Married couples generally accumulate assets in two ways: one or both spouses was financially well off at the time of the marriage, or the couple was financially successful in their respective careers. In either case, dividing the marital assets can be a complex and stressful process. One of the best ways to reduce the stress and to ensure that a person receives a fair share of the marital estate is to retain an appraiser. Appraisers are most commonly used to value real estate, and that generally includes the family home. Appraisers can also be used to value other assets such as antiques, works of art, businesses, rare automobiles and the like. This post will concentrate on the process used by appraisers to provide an expert opinion of the family residents.
The first step: an inspection
The first step taken by an appraiser is usually to inspect the property. In making the inspection, the appraiser will carefully measure the size of each room and the overall size of the property. The appraiser will also take careful notes on the condition of the property, noting the condition of the roof and the exterior paint condition. Most appraisers also take many pictures of the subject property, both inside and out. The appraiser will also check to see if the property lies in any special districts, such as a flood plain, a homeowner’s association.
The next step: choosing an approach to value
Appraisers generally use one of three approaches to value: the cost approach, the income approach, and the comparative value approach. The first two approaches are rarely used for the appraisal of residential property because they do not yield an accurate estimate of value. The comparative value approach requires the appraiser to have an extensive knowledge of the sales of other homes in the same or similar neighborhood, the prices for which such homes sold, and any other factors that may affect the market value of real property. This approach is also favored because it most often yields the most accurate opinion as to fair market value.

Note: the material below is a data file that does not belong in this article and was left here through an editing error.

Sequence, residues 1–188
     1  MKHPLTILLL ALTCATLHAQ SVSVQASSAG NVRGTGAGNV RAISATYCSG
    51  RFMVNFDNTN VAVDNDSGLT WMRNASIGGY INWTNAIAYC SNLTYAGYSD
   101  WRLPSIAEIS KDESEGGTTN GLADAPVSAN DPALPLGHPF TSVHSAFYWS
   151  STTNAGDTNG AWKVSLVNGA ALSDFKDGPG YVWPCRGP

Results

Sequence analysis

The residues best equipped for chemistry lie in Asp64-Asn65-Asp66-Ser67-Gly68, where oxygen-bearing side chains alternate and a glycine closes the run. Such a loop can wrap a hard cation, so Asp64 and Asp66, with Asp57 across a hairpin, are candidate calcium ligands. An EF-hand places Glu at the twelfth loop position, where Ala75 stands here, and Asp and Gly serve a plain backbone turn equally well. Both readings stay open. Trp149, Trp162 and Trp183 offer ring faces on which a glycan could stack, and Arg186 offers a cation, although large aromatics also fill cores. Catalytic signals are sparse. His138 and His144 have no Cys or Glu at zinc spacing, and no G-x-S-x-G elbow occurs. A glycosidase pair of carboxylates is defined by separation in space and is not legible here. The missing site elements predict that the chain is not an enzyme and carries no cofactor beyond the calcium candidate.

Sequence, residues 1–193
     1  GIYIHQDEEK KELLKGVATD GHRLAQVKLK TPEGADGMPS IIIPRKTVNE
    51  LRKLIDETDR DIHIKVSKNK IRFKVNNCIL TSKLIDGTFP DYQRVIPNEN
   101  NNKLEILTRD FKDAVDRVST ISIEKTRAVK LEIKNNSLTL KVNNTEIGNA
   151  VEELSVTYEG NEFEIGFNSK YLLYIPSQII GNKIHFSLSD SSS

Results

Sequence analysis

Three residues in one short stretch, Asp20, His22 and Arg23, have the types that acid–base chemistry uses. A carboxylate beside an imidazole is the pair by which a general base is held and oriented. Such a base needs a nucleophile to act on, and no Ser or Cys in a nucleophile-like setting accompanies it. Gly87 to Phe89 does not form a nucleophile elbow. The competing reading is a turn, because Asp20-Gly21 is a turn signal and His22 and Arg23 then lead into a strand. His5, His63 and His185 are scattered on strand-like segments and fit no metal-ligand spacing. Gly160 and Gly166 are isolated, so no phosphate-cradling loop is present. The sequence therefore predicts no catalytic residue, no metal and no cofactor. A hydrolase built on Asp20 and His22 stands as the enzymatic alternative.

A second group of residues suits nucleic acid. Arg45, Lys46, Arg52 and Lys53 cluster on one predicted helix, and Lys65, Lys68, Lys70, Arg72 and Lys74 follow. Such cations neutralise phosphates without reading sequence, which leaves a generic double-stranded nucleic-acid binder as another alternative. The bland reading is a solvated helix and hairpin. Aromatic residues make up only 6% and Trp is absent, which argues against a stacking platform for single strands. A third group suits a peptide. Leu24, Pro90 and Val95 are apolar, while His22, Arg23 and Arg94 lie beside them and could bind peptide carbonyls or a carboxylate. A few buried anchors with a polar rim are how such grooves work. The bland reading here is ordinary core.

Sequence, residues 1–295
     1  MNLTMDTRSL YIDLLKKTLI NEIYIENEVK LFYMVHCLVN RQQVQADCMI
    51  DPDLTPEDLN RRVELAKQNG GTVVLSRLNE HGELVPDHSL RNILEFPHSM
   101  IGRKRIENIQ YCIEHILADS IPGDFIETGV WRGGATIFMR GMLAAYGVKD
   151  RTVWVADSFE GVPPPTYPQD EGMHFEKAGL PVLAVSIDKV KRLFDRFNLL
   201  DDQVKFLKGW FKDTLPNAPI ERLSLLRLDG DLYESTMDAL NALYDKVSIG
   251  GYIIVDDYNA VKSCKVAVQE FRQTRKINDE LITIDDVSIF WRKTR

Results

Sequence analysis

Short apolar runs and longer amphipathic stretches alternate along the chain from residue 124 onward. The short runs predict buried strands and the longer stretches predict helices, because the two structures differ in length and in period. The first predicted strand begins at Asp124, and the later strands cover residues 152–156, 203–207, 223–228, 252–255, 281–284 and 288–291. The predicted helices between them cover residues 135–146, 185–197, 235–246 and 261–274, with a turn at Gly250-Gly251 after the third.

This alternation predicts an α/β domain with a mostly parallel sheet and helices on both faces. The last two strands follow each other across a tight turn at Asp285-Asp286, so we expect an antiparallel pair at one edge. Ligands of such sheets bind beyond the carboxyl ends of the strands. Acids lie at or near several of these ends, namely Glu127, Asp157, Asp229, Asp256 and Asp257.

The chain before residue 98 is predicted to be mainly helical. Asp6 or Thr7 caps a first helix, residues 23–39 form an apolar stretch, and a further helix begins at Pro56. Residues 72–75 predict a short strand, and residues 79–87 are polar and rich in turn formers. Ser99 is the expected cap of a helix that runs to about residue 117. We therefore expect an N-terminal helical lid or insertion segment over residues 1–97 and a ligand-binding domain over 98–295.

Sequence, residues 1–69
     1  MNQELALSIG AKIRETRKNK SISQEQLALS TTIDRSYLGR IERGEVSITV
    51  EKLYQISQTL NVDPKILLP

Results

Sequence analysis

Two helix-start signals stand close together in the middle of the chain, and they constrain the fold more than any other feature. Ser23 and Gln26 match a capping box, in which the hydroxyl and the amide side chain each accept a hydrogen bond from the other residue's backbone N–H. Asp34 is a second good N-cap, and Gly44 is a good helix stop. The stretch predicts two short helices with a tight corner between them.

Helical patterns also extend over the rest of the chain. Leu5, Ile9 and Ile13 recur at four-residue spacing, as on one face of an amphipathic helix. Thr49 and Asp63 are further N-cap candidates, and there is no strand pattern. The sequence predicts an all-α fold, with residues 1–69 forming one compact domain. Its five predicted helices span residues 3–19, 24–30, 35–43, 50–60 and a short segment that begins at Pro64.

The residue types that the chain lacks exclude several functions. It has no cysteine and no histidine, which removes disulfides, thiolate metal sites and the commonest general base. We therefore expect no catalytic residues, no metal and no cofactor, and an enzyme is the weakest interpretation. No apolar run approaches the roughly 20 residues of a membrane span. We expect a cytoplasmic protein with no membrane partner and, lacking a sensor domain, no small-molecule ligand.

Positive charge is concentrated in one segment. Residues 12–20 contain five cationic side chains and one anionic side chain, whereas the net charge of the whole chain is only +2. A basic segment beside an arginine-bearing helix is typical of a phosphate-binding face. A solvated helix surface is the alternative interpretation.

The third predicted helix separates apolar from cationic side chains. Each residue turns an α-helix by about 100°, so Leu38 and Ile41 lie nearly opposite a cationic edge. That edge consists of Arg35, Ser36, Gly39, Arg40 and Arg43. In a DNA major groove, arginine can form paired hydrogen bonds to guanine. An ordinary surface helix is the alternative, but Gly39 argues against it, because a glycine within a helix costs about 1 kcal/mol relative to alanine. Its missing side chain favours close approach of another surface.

The third step: writing a report
Once the appraiser has completed the first two steps, the next and final step is writing the report. Having a written report on value can be very helpful if the couple elects to sell the home and split the proceeds. The report can be used to negotiate with a prospective buyer. If the couple cannot agree on how to liquidate their investment in the home, the report can be used as evidence if the case goes to trial.
Any appraiser should be checked for compliance with ethical standards and reliance on the Uniform Standards of Appraisal Practice (USPAP). Also, experienced divorce attorneys have most likely worked with many appraisers through the years, and their opinions should be relied upon.